By Evan SparksWhile small business lending remains the core of the community banking business — with 98 percent of banks with less than $10 billion in assets offering small business loans — larger banks edged their smaller peers in total origination volume, according to a survey released last week by the Federal Reserve and the Conference of State Bank Supervisors. Small business lending at community banks fell by 2.2 percent to $269 billion in 2016. Banks with more than $10 billion in assets saw their small business lending grow by 5.1 percent from 2015 to 2016, reaching $284 billion. In previous years, community banks had higher overall origination volumes.
Small business loans also declined as a percentage of community banks’ portfolios, dipping from 16.6 percent to 15.9 percent. Meanwhile, community banks saw growth in commercial real estate dramatically outpace increases in small business commercial and industrial loans. Banks participating in the survey reported that CRE loan volume was up 17 percent from 2015, with construction loans up 20 percent.
Community banks most commonly identified fellow community banks as their biggest competitor for small business loans. However, 10 percent expect credit unions to be major competitors in the future, while 7 percent said the same about nonbank fintech firms. In response to competitive pressure, 61 percent of community banks reported lowering interest rates at least half the time. However, fewer banks reported lowering fees in response to pressure, and they rarely or never eased collateral requirements or extended loan maturities in order to win business.
Small business loans drove adoption of other products with community banks. Nearly 95 percent of community banks always or usually provided deposit services to small business borrowers, while 38 percent provided cash management. However, bankers rarely leveraged their lending relationships to provide value-added consulting or advice. For example, just 12 percent usually or always offered succession planning advice, and 11 percent provided wealth management advice.
Consumer lending and financial services
On the consumer loan front, 83 percent of community banks continue to offer single-family fixed-rate mortgages, although three percent said they plan to exit the business. More than nine in 10 offer auto loans, 79 percent offer home equity lines of credit and 82 percent offer small-dollar unsecured loans. However, reflective of greater regulatory strictures on these loans, 3.2 percent said they would exit the small-dollar business. Just 60 percent of community banks offer credit cards, and less than 6 percent offer either reverse mortgages or student loans. The TILA-RESPA integrated disclosures continued to weigh down mortgage lending in 2016; more than 40 percent said they were seeing a slower pace of business or delayed closings as a result of the rule.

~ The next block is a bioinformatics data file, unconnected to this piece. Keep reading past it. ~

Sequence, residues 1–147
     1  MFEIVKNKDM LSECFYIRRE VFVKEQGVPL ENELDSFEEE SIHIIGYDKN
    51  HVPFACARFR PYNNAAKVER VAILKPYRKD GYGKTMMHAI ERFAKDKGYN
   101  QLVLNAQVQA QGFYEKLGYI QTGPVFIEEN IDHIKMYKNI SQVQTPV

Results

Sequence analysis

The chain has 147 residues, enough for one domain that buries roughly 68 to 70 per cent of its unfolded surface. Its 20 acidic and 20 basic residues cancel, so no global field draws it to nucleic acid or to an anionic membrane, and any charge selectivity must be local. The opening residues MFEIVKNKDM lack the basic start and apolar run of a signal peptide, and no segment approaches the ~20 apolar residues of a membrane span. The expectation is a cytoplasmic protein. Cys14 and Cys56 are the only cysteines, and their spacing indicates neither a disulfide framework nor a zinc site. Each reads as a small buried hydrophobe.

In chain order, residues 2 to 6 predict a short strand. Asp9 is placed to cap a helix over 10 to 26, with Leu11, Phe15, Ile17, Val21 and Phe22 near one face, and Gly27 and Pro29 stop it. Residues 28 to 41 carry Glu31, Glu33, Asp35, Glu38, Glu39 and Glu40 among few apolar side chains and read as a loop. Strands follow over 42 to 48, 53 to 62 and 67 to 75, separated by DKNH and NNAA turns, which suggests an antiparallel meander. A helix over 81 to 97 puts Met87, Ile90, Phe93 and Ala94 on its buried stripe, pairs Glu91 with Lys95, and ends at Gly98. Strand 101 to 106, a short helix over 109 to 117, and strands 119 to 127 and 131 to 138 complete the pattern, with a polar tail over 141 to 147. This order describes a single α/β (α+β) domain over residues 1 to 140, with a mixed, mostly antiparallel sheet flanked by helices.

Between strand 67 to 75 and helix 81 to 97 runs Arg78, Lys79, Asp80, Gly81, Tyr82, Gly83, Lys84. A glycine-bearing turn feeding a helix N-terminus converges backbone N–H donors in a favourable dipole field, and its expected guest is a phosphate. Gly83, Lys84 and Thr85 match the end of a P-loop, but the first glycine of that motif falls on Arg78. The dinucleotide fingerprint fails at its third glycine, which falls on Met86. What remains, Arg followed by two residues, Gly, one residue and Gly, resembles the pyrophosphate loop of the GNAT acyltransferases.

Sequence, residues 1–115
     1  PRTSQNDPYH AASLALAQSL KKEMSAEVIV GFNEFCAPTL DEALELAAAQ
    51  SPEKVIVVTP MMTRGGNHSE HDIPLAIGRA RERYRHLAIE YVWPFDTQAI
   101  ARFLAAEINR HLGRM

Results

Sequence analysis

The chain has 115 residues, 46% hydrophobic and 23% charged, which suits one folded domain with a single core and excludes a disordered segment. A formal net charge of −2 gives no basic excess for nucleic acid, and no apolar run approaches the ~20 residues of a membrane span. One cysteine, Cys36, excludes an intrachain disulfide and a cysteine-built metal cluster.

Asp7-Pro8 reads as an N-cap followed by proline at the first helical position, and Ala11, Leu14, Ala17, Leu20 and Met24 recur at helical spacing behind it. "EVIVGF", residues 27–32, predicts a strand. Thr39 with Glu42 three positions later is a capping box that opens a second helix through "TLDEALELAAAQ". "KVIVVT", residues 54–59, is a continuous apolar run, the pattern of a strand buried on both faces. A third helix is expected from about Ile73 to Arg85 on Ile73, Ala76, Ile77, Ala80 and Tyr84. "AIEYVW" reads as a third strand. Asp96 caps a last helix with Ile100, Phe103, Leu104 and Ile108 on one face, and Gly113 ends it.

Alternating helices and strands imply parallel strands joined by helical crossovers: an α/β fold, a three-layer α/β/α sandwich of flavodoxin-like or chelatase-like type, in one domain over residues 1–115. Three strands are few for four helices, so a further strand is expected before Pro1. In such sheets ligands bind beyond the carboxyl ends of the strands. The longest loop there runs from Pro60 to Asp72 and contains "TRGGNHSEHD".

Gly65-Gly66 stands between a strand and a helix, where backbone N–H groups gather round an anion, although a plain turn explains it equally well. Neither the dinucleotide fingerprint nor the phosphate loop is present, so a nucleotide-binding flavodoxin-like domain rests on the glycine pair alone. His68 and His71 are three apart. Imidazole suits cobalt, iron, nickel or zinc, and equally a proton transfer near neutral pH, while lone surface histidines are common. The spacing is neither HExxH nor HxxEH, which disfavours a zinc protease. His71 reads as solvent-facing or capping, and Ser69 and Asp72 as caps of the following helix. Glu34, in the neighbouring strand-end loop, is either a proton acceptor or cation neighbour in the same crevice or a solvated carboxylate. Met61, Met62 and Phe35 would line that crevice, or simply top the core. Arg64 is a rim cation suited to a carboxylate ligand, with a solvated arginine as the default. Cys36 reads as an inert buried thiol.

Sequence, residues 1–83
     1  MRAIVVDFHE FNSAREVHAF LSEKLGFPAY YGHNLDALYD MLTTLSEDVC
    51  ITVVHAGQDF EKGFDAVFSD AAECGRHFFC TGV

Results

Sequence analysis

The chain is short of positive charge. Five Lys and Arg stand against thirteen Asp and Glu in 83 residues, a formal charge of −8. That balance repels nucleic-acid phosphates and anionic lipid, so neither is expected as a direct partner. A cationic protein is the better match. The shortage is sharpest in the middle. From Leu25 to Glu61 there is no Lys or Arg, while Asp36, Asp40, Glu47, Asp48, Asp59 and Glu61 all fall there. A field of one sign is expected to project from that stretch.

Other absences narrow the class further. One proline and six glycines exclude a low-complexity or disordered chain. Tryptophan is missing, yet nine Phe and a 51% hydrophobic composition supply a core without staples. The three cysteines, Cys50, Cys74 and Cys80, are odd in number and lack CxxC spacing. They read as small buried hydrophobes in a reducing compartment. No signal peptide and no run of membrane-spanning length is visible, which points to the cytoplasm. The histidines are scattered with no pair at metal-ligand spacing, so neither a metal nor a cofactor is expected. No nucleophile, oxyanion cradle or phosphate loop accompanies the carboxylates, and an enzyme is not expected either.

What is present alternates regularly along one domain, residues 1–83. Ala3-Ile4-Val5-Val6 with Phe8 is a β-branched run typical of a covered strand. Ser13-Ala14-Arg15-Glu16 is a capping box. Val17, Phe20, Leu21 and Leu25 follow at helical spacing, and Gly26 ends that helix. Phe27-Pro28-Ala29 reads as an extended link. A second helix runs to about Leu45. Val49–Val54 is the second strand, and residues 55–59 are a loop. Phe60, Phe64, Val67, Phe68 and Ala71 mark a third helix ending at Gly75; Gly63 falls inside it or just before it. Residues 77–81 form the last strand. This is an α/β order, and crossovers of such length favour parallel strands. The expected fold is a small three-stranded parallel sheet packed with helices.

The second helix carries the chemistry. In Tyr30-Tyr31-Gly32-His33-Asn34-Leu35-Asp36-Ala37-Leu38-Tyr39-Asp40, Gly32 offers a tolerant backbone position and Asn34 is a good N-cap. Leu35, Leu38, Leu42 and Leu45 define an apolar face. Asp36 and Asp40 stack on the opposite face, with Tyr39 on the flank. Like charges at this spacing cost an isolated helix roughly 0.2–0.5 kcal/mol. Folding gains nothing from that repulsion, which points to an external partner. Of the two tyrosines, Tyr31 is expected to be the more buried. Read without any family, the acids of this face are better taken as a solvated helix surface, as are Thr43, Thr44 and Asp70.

Mobile banking, electronic bill pay and remote deposit capture are becoming near-universal at community banks, with 94 percent, 91 percent and 87 percent, respectively, saying they currently offer or plan to offer the service soon. Online loan applications are likely to continue surging among community banks, with 24 percent saying they plan to join the 33 percent currently offering the service. Likewise for personal financial management, with nearly 10 percent saying they expect to implement the service, bringing the total of community banks offering PFM in the future to nearly 50 percent. (ABA endorses Geezeo for PFM.)
Compliance costs drive business decisions
Compliance costs continue to grow dramatically at community banks. Compliance accounted for a greater share of personnel, data processing, legal, accounting and consulting costs in 2016. The total implied dollar cost of compliance for all community banks rose 8.7 percent to $5.4 billion — representing nearly a quarter of community banks’ net income. Compliance costs were up more than 20 percent in the two-year period from 2014 to 2016. Key drivers of compliance costs were the Bank Secrecy Act, accounting for 22 percent of compliance expenses, and TRID, accounting for 21 percent.
Compliance costs are often a factor in community banks’ ability to achieve economies of scale — which in turn drove M&A activity in 2016. Nearly nine in 10 community banks that made a bid for another institution in 2017 said that economies of scale were important or very important, and seven in 10 banks that considered an offer cited their own inability to maintain economies of scale. Getting a grip on growing regulatory costs was specifically cited by 85 percent of banks considering an offer as important or very important.
Entering new markets was important or very important to two-thirds of banks making bids, but handling succession planning or acquiring talent was not. And while succession planning was generally not a factor at banks considering offers, for a quarter of them it was very important — a sign that when succession options are unclear, the attractiveness of an M&A offer rises.